How much have their additions affected the songwriting dynamic of the band?
When it comes to the basics (riffs, first draft structures), I usually bring these to the table and the songs then develop from there. Song-writing-wise we have grown together as a band, with everyone’s input considered, whilst before either Scourger or I brought semi-finished songs in and taught them for others to play. Sticksmans Heretic Blades, in particular, has stepped up as a major part of the creation process, which suits me well, as most of my bands always start with a guitarist and a drummer.
The title of the album names the god Mammon. The bible portrays him as the god of money. Is it fair to assume one of the main themes on the album is the influence money and greed have over man?
Yes and no. The album certainly deals with narcissism and greed from several angles, but also touches upon topics like materialism, the cyclical human pretext, false gods (all of them), and blinding faith. As we are creatures primarily motivated by reward, these all link together. Everything we do is for ourselves (or the tribalism in us), and the more power Mammon gains, the heavier do the shackles also.
Many have asked me if this is also a critique of today’s music industry, but in all honesty, it’s a critique of almost every aspect of society. For example there’s a song (“Ripping Strike”), which tells the story of the great defeat in the 1857–1859 Cudgel War between Pagan Finland and the Kingdom of Sweden (ending in the victory of the latter) – but rather than focusing on the history, it studies the concepts of dominance, the suffering of the conquered, blinding faith (as also does “The Trudge”), the clamor of the God, and hubris.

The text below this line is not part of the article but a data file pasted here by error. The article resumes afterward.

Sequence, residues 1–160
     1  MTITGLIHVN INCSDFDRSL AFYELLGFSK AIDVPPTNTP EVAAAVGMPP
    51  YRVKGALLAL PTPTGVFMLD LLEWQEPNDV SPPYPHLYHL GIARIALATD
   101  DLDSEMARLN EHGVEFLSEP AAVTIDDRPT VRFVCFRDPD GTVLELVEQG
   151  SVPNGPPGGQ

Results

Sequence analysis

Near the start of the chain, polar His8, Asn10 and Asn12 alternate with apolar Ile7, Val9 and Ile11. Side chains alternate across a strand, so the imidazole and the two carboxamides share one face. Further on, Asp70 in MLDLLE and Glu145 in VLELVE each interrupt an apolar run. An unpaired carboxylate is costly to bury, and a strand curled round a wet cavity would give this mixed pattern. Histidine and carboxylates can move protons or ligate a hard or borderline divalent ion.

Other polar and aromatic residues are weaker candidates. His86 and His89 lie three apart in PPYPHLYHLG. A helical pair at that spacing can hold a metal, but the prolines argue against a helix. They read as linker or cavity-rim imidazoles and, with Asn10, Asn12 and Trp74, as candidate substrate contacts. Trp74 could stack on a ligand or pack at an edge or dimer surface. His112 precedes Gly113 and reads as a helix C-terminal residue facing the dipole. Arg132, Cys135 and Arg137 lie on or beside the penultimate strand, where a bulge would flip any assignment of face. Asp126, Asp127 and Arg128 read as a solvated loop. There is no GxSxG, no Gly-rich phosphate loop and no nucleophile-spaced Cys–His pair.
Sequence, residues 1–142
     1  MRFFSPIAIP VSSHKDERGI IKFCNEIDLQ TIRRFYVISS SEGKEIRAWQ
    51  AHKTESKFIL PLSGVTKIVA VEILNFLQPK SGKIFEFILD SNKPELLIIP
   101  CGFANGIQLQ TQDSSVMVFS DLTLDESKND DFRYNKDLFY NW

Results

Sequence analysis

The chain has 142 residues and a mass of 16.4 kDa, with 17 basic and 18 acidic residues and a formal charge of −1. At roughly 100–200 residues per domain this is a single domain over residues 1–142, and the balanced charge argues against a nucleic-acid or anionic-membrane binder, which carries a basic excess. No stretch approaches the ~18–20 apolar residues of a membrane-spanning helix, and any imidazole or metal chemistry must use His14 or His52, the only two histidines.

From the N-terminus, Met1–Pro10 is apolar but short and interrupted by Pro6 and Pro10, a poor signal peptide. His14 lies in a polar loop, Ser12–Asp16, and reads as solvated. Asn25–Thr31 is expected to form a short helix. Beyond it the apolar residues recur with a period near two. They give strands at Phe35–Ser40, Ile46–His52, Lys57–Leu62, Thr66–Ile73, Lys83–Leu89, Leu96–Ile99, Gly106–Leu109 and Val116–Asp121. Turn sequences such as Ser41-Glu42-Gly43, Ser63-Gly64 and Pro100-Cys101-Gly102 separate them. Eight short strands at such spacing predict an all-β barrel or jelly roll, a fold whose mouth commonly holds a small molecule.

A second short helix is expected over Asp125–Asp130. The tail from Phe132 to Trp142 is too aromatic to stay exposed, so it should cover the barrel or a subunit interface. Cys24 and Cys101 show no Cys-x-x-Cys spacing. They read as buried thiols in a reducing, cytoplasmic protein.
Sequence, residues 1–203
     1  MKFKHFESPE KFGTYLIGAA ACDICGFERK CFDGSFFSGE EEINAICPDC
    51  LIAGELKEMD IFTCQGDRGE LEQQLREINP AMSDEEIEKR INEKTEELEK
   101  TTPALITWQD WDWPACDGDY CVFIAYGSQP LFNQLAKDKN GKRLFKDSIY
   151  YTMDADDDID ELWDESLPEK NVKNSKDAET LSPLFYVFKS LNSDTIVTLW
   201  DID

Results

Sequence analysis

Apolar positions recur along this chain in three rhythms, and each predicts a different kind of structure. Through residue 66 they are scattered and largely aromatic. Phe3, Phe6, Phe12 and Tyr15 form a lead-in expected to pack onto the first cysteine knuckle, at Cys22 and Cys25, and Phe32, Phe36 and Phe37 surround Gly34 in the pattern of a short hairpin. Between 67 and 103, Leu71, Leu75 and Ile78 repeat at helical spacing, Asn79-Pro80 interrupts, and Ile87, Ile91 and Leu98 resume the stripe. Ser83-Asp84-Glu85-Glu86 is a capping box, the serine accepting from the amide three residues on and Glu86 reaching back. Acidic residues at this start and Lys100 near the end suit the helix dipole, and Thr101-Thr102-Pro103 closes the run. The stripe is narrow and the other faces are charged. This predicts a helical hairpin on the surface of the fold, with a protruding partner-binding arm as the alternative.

I like the fact that you’re using a mythological character in order to make a critique of today’s society and not aiming for the classic satanic old school approach that many bands of this genre seem to aim for. How important is that for you?
I think we’d get horrendously bored writing meaningless lyrics about demons (don’t get me wrong, it works for some and it’s very much what we did on the first demo), so very important indeed ha! I’d still call it “classic” lyricism, though, and we certainly use plenty of metal-English/lingo in the lyrics. I appreciate a “fuck you, fuck you, fuck you Jesus Christ” as much as the next man.
Mind, I wouldn’t limit the critique to just today’s society. After all, it is our past and our human nature that’s got us here… and we have been repeating the same patterns for millennia, each time taking our travesties to the next level.
Regarding your lyrics, you mentioned in the past you’ve been influenced by many authors like Vonnegut, Bukowski, or Phillip K. Dick. Which author was more present in your head whilst working on the lyrics for this album?
Out of those three it was probably Kurt Vonnegut, with his ability to conjure foreign worlds out of thin air and yet to make them seem rational; almost homey. The books most influential for the release are certainly religious texts of many a persuasion. I used to study this ilk of literature, hence I was already quite well informed, and as anyone who has studied literature would say, like it or not, the bible is everywhere in Western literature – so you basically have to read it or miss half the “references”.